image copyrightGetty Images

Cabinet Office Minister Michael Gove and his journalist wife Sarah Vine have "agreed to separate", a joint spokesman for the couple has said.

The pair are "in the process of finalising their divorce", the spokesman added.

Mr Gove and Ms Vine, a columnist for the Daily Mail, have been married since 2001 and have two children.

A friend of the couple told the PA news agency they had "drifted apart" and "no-one else is involved".

"This is a difficult and sad decision for Michael and Sarah after 20 years of marriage," the friend added.

"It is an entirely amicable separation and there is no-one else involved.

"They have drifted apart over the past couple of years but they remain friends.

"Their absolute priority is the children."

  • Gove alerted by Test and Trace after Porto trip

The couple, who met when they both worked as journalists on the Times newspaper, were among the most high profile couples at Westminster.

Ms Vine has written in her Mail column about how they fell out with close friends David and Samantha Cameron, over Mr Gove's decision to campaign for Brexit in the 2016 referendum.

In a recent newspaper column, Sarah Vine wrote about the strains of being married to a minister, in a piece about former Health Secretary Matt Hancock's affair with an aide.

She wrote that Westminster "can change a person", adding that "the problem with the wife who has known you since way before you were king of the world is that she sees through your facade".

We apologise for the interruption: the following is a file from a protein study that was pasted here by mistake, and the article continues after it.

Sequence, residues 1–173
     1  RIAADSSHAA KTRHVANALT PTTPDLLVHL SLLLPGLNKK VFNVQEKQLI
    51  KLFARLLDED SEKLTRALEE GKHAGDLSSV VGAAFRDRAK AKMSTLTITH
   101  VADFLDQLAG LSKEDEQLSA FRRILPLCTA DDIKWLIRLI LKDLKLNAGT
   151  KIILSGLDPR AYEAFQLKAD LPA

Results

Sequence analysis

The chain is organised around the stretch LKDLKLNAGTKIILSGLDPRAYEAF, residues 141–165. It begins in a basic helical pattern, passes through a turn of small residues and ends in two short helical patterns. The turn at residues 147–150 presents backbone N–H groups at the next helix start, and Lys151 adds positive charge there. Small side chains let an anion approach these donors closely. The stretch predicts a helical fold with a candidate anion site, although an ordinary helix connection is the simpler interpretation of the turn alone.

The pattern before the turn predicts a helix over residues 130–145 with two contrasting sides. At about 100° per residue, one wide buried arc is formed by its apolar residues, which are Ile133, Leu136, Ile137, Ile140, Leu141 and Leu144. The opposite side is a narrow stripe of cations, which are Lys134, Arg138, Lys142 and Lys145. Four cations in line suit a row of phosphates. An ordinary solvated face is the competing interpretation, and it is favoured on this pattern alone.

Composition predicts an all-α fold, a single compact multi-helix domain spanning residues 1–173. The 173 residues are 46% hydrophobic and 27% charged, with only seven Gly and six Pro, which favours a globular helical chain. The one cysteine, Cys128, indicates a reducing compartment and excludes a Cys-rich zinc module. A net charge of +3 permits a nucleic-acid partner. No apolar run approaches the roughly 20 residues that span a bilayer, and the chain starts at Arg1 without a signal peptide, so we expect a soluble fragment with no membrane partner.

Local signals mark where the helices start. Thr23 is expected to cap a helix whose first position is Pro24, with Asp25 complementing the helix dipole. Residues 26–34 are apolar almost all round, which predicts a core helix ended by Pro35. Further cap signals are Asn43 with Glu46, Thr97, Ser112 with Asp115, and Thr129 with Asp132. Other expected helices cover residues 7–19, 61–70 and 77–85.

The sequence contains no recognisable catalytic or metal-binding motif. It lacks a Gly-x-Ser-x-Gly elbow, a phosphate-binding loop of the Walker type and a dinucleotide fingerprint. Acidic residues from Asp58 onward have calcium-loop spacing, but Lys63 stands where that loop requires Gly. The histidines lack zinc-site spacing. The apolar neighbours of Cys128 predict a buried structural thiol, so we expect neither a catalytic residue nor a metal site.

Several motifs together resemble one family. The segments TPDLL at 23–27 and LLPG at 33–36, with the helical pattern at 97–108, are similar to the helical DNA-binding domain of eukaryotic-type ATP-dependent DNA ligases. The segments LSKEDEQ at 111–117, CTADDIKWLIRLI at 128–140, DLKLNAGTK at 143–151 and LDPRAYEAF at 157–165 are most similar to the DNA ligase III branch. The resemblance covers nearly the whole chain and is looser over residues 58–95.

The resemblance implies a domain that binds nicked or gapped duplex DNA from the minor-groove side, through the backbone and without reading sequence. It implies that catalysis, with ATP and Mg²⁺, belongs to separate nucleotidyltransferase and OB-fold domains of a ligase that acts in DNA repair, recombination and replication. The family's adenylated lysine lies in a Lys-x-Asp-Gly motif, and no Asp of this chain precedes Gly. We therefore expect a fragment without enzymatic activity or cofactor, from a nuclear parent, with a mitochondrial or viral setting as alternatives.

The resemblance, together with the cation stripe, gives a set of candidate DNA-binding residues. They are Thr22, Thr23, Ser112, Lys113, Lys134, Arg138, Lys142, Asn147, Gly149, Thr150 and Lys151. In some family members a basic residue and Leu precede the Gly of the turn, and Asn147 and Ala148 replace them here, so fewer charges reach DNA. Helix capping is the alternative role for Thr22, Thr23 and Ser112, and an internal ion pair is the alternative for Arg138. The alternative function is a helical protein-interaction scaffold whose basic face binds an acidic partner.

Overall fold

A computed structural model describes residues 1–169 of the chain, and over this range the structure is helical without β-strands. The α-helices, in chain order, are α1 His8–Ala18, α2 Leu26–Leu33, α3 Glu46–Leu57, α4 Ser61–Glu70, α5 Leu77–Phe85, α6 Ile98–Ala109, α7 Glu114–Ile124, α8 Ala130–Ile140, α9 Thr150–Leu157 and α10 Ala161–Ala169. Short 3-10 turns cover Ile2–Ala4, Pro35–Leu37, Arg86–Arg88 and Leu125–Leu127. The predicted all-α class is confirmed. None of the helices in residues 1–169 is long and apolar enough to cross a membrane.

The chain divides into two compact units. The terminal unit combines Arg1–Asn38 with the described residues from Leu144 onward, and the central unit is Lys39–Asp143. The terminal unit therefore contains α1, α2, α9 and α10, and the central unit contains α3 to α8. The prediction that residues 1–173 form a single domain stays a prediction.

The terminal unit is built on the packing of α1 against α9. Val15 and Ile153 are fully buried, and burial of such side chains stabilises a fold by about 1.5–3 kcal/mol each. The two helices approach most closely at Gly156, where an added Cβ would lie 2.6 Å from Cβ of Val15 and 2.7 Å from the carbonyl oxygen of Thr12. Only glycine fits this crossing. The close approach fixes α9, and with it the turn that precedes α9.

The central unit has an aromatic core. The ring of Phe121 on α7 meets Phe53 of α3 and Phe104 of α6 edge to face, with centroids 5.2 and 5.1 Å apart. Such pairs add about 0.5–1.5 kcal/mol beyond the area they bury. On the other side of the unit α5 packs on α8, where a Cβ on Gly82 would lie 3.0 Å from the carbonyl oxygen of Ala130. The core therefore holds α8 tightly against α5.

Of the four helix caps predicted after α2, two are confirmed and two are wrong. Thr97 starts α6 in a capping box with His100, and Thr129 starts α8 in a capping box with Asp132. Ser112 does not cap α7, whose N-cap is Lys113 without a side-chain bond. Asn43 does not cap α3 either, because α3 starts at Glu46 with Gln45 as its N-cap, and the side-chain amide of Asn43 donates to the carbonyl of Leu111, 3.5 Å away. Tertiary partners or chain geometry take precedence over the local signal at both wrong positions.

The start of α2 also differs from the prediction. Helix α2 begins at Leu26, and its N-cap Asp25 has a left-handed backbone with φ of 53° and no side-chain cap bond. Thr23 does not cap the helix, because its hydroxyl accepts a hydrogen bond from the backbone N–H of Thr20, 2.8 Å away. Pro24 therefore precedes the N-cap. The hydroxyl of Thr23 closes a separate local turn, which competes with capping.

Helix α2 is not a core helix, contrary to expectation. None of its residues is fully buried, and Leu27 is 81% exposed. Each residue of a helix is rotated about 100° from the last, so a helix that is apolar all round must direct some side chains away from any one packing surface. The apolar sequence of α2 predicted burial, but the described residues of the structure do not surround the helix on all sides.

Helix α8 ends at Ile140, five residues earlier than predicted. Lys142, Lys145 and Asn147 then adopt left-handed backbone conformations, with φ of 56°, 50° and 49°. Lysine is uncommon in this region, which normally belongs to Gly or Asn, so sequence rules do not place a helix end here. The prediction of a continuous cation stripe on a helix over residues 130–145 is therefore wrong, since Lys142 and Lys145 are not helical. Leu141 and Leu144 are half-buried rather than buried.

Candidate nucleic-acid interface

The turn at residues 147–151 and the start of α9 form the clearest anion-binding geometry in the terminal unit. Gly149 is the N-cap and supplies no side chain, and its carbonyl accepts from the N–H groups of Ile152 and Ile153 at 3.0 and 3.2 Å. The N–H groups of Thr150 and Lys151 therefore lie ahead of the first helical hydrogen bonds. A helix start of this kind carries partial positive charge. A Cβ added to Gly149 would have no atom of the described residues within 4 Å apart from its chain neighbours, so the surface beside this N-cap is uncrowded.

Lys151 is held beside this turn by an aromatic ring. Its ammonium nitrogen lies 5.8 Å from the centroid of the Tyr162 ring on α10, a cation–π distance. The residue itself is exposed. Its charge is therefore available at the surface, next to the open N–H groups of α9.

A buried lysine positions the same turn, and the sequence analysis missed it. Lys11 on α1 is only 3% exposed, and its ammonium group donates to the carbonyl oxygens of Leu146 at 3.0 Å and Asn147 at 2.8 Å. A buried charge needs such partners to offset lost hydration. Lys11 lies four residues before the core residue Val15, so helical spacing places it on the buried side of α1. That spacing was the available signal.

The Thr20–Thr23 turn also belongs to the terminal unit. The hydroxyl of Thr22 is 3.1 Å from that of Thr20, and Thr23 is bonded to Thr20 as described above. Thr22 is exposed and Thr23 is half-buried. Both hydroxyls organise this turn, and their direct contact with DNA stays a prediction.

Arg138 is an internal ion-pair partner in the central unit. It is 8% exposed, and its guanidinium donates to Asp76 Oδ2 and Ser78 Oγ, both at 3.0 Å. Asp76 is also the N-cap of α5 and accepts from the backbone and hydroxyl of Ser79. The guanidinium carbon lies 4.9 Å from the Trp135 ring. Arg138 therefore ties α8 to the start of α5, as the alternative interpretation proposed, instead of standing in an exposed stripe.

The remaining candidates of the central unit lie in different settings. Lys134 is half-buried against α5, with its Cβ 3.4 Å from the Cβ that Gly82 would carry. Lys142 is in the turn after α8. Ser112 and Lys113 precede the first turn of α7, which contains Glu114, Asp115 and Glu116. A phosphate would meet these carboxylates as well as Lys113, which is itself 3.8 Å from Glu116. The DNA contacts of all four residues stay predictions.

The piece added: "She knows that, deep down inside, you are not the Master of the Universe you purport to be".

Born in Edinburgh in August 1967, Mr Gove was adopted when he was four months old by a family in Aberdeen.

He studied English at Oxford University, where he was president of the Union.

He was elected Conservative MP for Surrey Heath in 2005 and has held a string of high profile ministerial roles, including Education, Environment and Justice before moving to the Cabinet Office.

As justice secretary, he was one of the key figures in the 2016 Vote Leave campaign alongside the then London mayor Boris Johnson.

When Mr Cameron resigned as prime minister after losing the Brexit referendum, Mr Gove initially backed Mr Johnson to replace him.

But in a move that stunned Westminster, he dramatically withdrew his support and decided to run for the leadership himself.

He said he had decided "reluctantly but firmly" that Mr Johnson was not capable of uniting the party or the country, but he failed to gain enough to support to win the contest.